A week ago, I started talking to him about his new routine. He didn’t know what it was about, but I was very happy and impatient to see this day arrive. The day before, I told him that tomorrow would be a great day, not only for him, but for us. He gave me a smile. The next day, I woke him up early, gave him his bath, dressed him, and made him sit on the bed so I could talk to him. I blessed him and told him how happy and proud I am of him. My joy was immense because, for me, it was the beginning of a beautiful story: Learn, make friends, and converse.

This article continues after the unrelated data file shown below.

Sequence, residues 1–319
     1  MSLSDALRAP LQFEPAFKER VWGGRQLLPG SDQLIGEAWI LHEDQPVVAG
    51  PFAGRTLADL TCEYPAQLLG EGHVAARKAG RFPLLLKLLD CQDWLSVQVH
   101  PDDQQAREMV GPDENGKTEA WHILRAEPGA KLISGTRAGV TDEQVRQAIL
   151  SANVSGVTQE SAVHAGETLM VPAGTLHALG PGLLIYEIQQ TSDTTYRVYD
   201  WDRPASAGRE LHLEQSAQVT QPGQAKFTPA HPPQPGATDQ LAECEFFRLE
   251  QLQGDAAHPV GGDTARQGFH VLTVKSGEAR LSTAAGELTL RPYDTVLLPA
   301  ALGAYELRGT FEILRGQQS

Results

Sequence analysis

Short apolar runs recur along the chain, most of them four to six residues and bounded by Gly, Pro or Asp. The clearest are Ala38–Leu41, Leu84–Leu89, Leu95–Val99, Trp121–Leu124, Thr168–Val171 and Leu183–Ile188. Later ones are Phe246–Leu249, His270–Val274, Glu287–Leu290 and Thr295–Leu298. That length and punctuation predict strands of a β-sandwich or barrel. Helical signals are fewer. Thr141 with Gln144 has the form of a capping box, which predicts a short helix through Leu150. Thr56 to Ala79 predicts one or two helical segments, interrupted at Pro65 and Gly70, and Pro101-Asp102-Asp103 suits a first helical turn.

Yes, conversing is all that is important to me because, at almost four years old, my son does not yet speak. And for me, his going to school keeps me hoping to see and hear him speak and express his needs.
The long-awaited day is here. We all gather around him. We accompany him to his class, where his tears begin. Sadness and joy merge. But deep down, I know how important it is for us, but especially for him, that he starts school.
Fatoumata Sore writes: “I was born and raised in Côte d’Ivoire (Ivory Coast) and came to New York in April 2018. I am a contact tracer (case investigator) with United Health Group, a former community outreach specialist, and a student at the University Settlement Adult Literacy Program.” The director of the program is Lucian Leung.